A Masquerade of the Gods

“If a workman were sure to dream for twelve straight hours every night that he was king,” said Pascal, “I believe that he would be just as happy as a king who dreamt for twelve hours every night that he was a workman.” In fact, because of the way that myth takes it for granted that miracles are always happening, the waking life of a mythically inspired people–the ancient Greeks, for instance–more closely resembles a dream than it does the waking world of a scientifically disenchanted thinker. When every tree can suddenly speak as a nymph, when a god in the shape of a bull can drag away maidens, when even the goddess Athena herself is suddenly seen in the company of Peisastratus driving through the market place of Athens with a beautiful team of horses–and this is what the honest Athenian believed–then, as in a dream, anything is possible at each moment, and all of nature swarms around man as if it were nothing but a masquerade of the gods, who were merely amusing themselves by deceiving men in all these shapes.

Nietzsche, On Truth and Lies in a Nonmoral Sense


The Philosopher

If the philosophers were in a position to discover the truth, who among them would take an interest in it? Each knows well that his system is no better founded that the others. But he maintains it because it is his. There is not a single one of them who, if he came to know the true and the false, would not prefer the lie he has found to the truth discovered by another. Where is the philosopher who would not gladly deceive mankind for his own glory? Where is the one who in the secrecy of his heart sets himself any other goal than that of distinguishing himself? Provided that he raises himself above the vulgar, provided that he dims the brilliance of his competitors, what more does he ask? The essential thing is to think differently from others. Among believers he is an atheist; among atheists he would be a believer.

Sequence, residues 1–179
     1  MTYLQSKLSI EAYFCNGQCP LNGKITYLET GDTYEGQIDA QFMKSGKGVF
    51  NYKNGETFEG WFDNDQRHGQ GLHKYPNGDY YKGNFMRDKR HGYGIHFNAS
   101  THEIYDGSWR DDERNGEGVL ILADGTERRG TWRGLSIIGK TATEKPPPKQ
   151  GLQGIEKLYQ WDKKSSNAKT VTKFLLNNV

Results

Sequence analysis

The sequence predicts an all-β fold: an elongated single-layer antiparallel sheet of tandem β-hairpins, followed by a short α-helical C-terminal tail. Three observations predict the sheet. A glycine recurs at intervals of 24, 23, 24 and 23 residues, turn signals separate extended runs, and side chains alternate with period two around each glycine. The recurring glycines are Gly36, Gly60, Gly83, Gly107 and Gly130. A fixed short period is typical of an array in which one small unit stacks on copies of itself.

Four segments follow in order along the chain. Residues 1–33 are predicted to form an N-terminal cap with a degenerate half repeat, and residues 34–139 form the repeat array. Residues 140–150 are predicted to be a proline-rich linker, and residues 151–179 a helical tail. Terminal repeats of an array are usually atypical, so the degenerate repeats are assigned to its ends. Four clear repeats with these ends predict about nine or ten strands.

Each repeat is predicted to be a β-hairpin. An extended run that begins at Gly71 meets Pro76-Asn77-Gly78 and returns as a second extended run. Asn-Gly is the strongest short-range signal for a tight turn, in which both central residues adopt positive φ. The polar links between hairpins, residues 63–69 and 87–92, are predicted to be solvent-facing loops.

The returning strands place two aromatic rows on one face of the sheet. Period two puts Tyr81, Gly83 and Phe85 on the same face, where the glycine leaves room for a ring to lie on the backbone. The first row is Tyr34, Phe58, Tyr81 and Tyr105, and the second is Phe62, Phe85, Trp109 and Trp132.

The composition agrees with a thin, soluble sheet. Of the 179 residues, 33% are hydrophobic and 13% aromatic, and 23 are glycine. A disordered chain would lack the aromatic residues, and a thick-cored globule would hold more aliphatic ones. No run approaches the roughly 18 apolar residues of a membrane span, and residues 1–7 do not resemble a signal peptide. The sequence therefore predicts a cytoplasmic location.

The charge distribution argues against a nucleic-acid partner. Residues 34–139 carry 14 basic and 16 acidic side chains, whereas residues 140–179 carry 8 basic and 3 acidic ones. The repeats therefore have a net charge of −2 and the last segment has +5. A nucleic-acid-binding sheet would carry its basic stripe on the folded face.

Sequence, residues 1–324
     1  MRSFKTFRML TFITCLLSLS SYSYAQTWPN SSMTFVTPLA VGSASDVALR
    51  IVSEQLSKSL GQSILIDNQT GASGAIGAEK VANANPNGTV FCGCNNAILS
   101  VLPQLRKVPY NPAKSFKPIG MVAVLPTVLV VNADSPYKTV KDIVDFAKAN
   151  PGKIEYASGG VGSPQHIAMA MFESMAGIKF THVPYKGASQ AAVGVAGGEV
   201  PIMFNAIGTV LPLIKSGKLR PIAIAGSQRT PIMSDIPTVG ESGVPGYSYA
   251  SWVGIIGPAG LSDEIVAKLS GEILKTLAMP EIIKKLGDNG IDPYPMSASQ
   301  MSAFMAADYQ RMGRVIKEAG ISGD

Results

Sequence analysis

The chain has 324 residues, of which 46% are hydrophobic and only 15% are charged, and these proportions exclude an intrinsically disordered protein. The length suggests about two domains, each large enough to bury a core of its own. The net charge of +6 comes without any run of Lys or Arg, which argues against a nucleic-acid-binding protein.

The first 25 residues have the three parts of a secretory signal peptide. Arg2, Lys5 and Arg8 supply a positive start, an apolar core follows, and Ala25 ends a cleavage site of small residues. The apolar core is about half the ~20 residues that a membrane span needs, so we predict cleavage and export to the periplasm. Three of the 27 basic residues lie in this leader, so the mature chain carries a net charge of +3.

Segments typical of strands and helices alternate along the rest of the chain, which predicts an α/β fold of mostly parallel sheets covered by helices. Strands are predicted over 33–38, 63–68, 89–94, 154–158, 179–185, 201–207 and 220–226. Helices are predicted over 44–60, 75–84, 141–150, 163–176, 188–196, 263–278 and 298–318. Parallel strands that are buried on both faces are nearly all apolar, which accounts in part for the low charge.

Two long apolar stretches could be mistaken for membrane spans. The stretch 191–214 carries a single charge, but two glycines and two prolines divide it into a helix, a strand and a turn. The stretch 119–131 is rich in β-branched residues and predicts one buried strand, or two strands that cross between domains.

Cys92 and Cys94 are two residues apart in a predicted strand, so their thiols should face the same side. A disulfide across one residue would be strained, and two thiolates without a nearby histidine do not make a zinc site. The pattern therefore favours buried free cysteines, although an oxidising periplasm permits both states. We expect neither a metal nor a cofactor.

Rousseau, Emile – Book IV


Seers of the Infinite

Seers of the Infinite have ever been quiet souls. They abide alone with themselves and the Infinite, or if they do look around them, grudge to no one who understands the Mighty Word his own peculiar way.

I maintain that in all better souls religion springs necessarily by itself, that a province of its own in the mind belongs to it, in which it has ultimate sway; that it is worthy to animate most profoundly the noblest and best and to be fully accepted and known by them.

The sum total of religion is to feel that, in its highest unity, all that moves us in feeling is one; to feel that whatever is single and particular is only possible by means of this unity; to feel, that is to say, that our being and living is a being and living in and through God.